Herbicide resistance challenges and management strategies southern

Author: Gurjeet Gill, Peter Boutsalis, Samuel Kleemann and Christopher Preston (School of Agriculture, Food & Wine, University of Adelaide) | Date: 09 Feb 2016

Weed resistance surveys

A survey for herbicide resistant weeds was conducted in late 2014 across the Eyre Peninsula. Weed populations collected were tested for resistance during 2015. Annual ryegrass was found in 85 per cent of crop fields surveyed. Resistance was identified in annual ryegrass collected from fields to all herbicides tested except Sakura® and propyzamide (Table 1). There is considerably more resistance in ryegrass in the southern compared with the northern Eyre Peninsula. This reflects the greater presence of ryegrass in the south and the heavier reliance on cropping.

Since the last Eyre Peninsula survey in 2009 there has been an increase in resistance to trifluralin, with resistance to other herbicides changing little. Resistance to Avadex® Xtra was tested for the first time and several resistant populations were identified. One of these had cross resistance to Boxer Gold®.

Table 1: Annual ryegrass populations resistant to herbicides for the Eyre Peninsula survey in 2014. Populations are considered resistant if 20 per cent of individuals survived the herbicide.

Herbicide Southern EP Northern EP
Populations resistant (% tested)
Total
Trifluralin 51 10 34
Propyzanide 0 0 0
Sakura® 0 0 0
Avadex®Xtra 3 0 2
Boxer Gold® 1 0 1
Diclofop-methyl 73 10 47
Axial® 32 0 18
Clethodim 7 0 4
Chlorsulfuron 85 75 80
Intervix® 53 39 47
Glyphosate 1 0 1

Brome grass was detected in 28 per cent of paddocks visited and was concentrated in the northern Eyre Peninsula. Of these populations 52 per cent were resistant to Atlantis® and four per cent resistant to Targa® (Table 2). No resistance was identified in the survey to either Intervix® or glyphosate. Both Bromus diandrus and B. rigidus were present among resistant populations.

Table 2: Brome grass, barley grass and wild oats populations resistant to herbicides for the Eyre Peninsula survey in 2014. Populations are considered resistant if 20 per cent of individuals survived the herbicide.

Herbicide Brome grass Barley grass
Populations resistant (% tested)
Wild oats
Targa® 4 4 -
Topik® - - 4
Atlantis® 52 16 3
Intervix® 0 0 -
Glyphosate 0 - -

Barley grass was detected in 37 per cent of paddocks visited, confirming the increasing importance of barley grass as a weed of cropping. Both Hordeum leporinum and H. glaucum were present. For barley grass there was a low frequency of resistance to Group A herbicide, but 16 per cent of populations were resistant to Group B herbicides. Wild oats was detected in 18 per cent of paddocks visited with both Avena sterilis and A. fatua present. A small number of populations had resistance to Topik® and to Atlantis® (Table 2).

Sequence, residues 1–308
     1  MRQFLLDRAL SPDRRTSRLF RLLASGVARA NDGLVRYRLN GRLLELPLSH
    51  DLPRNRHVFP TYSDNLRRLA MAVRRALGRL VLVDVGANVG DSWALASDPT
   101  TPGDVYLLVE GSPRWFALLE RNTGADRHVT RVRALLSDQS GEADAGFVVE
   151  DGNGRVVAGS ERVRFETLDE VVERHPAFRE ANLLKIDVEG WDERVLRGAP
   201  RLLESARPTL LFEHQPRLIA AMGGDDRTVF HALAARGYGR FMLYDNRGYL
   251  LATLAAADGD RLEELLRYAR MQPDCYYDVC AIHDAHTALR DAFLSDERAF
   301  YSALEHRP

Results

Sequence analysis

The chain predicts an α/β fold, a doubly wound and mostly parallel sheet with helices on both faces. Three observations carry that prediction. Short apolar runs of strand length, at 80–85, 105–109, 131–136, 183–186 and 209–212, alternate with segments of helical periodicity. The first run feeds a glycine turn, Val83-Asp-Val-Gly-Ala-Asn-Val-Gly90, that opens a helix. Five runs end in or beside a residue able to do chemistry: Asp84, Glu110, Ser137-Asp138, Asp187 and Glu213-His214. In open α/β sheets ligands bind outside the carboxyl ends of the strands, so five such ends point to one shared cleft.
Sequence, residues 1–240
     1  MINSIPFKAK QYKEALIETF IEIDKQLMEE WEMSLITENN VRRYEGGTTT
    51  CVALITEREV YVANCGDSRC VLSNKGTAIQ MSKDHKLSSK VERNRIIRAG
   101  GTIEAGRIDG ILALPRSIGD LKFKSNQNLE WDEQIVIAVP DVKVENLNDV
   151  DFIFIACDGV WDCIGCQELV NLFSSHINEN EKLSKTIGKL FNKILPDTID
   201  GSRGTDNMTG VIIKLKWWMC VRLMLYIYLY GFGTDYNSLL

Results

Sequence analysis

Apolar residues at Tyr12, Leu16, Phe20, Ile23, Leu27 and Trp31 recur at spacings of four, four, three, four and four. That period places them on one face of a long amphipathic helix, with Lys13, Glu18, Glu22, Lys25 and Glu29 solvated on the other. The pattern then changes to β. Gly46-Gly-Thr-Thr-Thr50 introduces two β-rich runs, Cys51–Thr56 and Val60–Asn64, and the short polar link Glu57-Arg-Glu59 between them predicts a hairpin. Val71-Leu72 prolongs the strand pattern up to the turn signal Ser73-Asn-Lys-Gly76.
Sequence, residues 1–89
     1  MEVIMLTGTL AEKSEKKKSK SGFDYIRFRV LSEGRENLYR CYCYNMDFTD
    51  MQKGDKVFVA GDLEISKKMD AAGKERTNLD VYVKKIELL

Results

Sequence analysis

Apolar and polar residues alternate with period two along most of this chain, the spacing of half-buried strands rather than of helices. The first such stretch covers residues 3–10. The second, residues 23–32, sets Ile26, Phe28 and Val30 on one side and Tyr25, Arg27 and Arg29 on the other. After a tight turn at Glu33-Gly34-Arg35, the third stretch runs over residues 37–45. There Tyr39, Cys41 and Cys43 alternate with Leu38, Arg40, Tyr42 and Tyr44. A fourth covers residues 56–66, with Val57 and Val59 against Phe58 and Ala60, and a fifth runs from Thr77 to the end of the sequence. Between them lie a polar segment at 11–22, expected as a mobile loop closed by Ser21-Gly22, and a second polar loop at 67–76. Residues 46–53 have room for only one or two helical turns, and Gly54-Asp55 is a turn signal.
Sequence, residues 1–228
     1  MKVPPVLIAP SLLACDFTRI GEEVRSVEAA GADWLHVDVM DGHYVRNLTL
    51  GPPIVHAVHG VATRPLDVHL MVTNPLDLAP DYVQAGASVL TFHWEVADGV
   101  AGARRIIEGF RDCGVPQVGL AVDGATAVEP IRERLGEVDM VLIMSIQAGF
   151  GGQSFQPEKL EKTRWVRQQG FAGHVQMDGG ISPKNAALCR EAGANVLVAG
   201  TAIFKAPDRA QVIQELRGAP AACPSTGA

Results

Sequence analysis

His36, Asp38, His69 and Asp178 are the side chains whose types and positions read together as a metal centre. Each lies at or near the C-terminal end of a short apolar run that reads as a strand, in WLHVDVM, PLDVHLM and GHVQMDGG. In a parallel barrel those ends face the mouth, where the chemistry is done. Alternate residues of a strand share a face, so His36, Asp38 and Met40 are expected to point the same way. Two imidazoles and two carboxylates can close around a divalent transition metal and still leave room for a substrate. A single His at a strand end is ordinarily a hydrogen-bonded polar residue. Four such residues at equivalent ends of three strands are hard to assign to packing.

Two broadleaf weeds were collected during the Eyre Peninsula survey: Indian hedge mustard and sowthistle. These species were present in 18 and 11 per cent of surveyed paddocks respectively, and therefore are much less common than grass weeds. High frequencies of resistance to the Group B herbicides were present in both species (Table 3). Indian hedge mustard populations were also resistant to diflufenican, atrazine and 2,4-D.

Table 3: Indian hedge mustard and sowthistle populations resistant to herbicides for the Eyre Peninsula survey in 2014. Populations are considered resistant if 20 per cent of individuals survived the herbicide.

Herbicide Indian hedge mustard
Populations resistant (% tested)
Sowthistle
Glean 64 75
Eclipse® 74 -
Intervix® 14 -
Diflufenican 36 -
2,4-D 7 -
Atrazine 7 0
Glyphosate 0 0

Annual ryegrass resistant to Avadex® Xtra

Poor control of annual ryegrass with Avadex® Xtra (triallate) in a pre-emergence herbicide field trial conducted on the Yorke Peninsula was observed in 2014. This population was tested for resistance to pre-emergent herbicides. The results (Table 4) confirmed resistance to Avadex® Xtra, but also low level cross-resistance to Boxer Gold®. At the full rate Boxer Gold® was still effective, but control was poor at the half rate. This population has resistance to Boxerɸ (prosulfocarb) as well as Avadex® Xtra, suggesting resistance occurs across the Group J herbicides. Sakura® was still effective.

ɸ n.b. Boxer is not registered in Australia.

Table 4: Response of a resistant population of annual ryegrass from the Yorke Peninsula (YP-R) to Avadex® Xtra and other pre-emergent herbicides compared to a susceptible population (S) and a multiple-resistant population (SLR31).

Herbicide product and rate (ml/ha or g/ha) S SLR31 Control (%) YP-R
Avadex®Xtra
800 100 96 6
1600 100 100 47
3200 100 100 91
Boxer Gold®
1250 100 96 68
2500 100 100 100
Boxer*
2500 100 100 65
5000 100 100 82
Sakura®
59 100 96 97
118 100 100 100

*Boxer (prosulfocarb) is not registered for use in Australia and is shown here for comparison purposes only.

Several other annual ryegrass populations with resistance to Avadex® Xtra have been identified during our weed resistance surveys, suggesting resistance to it in annual ryegrass is becoming more common.

We conducted a trial in 2011 where an annual ryegrass population not previously exposed to herbicides was treated with four times the field rates of each of four pre-emergent herbicides. The only survivors were to 12L/ha of Avadex® Xtra at a frequency of about one in 1.6 million seed treated. This suggested that resistance to Avadex® Xtra was likely in annual ryegrass after six to eight years of intense selection.

Most of the populations with resistance to Avadex® Xtra can be controlled by the full rate of Boxer Gold® in pots. However, under non-ideal field conditions Boxer Gold® may fail on these populations.

Resistance to Group J herbicides represents a looming risk to effective pre-emergent herbicide control of ryegrass in southern Australia.

Managing clethodim resistance in canola